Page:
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Protesters set fire to Congress after secret vote

Demonstrations over secret Senate vote on bill that would allow President Cartes to run for re-election turn violent.

Protesters have stormed Paraguay's Congress building and set it on fire after a secret Senate vote to approve a bill that would allow President Horacio Cartes to run for another term.

Hundreds of people clashed with riot police in Asuncion  on Friday and broke into Congress, battering down entrances and fences and shattering windows.

Once inside, they ransacked the offices of lawmakers who backed the reform and started fires, television images showed.

The fire service said some 30 demonstrators and police were injured in the violence.

Earlier in the day, the vote on the constitutional amendment took place during a special session held in a closed office in Congress rather than on the Senate floor. 

Opponents of the measure, who say it clears the way for dictatorships, said the vote was illegal.

"A coup has been carried out. We will resist and we invite the people to resist with us," said Senator Desiree Masi from the opposition Progressive Democratic Party.

Marching protesters were met by police wielding water hoses and firing rubber bullets and after nightfall, as the demonstrations grew more violent, police in riot gear responded by lobbing tear gas.

The president called for calm and a rejection of violence in a statement released on Twitter.

"Democracy is not conquered or defended with violence and you can be sure this government will continue to put its best effort into maintaining order in the republic," Cartes said.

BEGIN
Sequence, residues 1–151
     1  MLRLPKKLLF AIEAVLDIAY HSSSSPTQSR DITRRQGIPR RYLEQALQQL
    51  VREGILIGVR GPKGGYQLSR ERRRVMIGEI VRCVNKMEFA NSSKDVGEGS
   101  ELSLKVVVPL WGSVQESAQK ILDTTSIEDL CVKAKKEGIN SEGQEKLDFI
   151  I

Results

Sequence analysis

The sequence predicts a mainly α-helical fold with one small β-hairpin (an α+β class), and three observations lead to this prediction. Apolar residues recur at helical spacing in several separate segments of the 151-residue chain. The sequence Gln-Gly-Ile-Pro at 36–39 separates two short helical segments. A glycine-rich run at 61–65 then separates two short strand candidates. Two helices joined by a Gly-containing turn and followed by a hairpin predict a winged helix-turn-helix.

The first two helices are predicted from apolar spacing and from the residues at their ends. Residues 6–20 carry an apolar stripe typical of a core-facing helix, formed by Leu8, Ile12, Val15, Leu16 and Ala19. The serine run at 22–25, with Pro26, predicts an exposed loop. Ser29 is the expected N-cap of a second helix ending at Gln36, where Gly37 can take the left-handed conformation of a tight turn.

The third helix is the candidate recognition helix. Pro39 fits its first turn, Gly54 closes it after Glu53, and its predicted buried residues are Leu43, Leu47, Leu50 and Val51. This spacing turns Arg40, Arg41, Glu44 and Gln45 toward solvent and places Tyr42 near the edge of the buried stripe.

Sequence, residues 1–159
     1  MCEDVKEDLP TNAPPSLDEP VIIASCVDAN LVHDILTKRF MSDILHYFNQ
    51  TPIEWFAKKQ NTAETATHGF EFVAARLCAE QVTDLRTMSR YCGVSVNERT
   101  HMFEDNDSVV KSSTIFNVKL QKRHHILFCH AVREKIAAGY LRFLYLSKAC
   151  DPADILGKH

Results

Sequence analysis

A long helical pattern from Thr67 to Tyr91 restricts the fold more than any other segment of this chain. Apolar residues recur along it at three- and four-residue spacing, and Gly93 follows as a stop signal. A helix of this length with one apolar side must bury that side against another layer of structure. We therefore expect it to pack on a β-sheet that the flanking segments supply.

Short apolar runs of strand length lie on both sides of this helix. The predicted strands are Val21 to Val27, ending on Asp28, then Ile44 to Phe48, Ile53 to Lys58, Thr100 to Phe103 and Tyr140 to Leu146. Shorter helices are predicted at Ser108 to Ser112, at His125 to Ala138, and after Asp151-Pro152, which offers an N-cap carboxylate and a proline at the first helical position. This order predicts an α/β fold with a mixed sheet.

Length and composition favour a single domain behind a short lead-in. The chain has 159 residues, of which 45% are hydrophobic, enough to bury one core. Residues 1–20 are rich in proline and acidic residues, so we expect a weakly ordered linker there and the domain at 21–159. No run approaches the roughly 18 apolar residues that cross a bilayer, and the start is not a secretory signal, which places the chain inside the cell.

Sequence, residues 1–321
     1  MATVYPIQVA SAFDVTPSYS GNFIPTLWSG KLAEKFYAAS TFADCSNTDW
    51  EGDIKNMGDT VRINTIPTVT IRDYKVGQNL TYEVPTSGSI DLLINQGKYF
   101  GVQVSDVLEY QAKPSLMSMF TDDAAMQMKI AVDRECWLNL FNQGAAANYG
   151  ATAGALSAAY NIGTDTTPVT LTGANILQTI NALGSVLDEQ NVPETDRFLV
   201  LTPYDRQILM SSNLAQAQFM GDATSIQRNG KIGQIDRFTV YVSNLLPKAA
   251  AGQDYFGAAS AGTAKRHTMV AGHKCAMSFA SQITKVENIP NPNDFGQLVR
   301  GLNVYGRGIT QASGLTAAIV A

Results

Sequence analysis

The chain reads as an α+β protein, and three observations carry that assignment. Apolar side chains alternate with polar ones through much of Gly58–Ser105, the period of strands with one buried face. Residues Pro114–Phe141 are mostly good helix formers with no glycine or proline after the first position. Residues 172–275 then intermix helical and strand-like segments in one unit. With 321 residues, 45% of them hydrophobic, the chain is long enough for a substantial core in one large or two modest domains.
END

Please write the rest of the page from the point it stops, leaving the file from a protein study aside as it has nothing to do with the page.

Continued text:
Journalist Laurence Blair, in Asuncion, said protesters dispersed late at night and firefighters could put out the fires.

He explained that the political situation in Paraguay is complex, and that the protests should not be seen as simply a popular uprising against Cartes.

The president's Colorado Party, which has dominated Paraguayan politics for most of the past 70 years, is divided, Blair said. Some members of the party were probably involved in the protests, he said, as well as left-wing supporters and some people who just wanted to vent their frustration with the political situation.

Local media reported that several politicians and journalists were among the injured.

Interior Minister Tadeo Rojas said many police were hurt after being provoked by a small group of protesters.

"The national police were not under any instruction to repress. They were attacked," Rojas said in a news conference.

Cartes is seeking to reform the constitution to let him run for office again in 2018.

Presidents are now limited to a single 5-year term.

The bill will pass to the lower house Chamber of Deputies, where the president has a majority, for another vote.

Approval there would require the electoral court to call a referendum on the reform within three months.

If implemented, the measure would apply to future presidents and Cartes, as well as former presidents, including Fernando Lugo.    

"Everything was done legally," said Senator Carlos Filizzola of the leftist Guasu Front coalition, which supports the constitutional amendment as a way of allowing Lugo to come back as Paraguay's leader.

Lugo was removed from power by the Senate in 2012 in the wake of a land dispute scandal.

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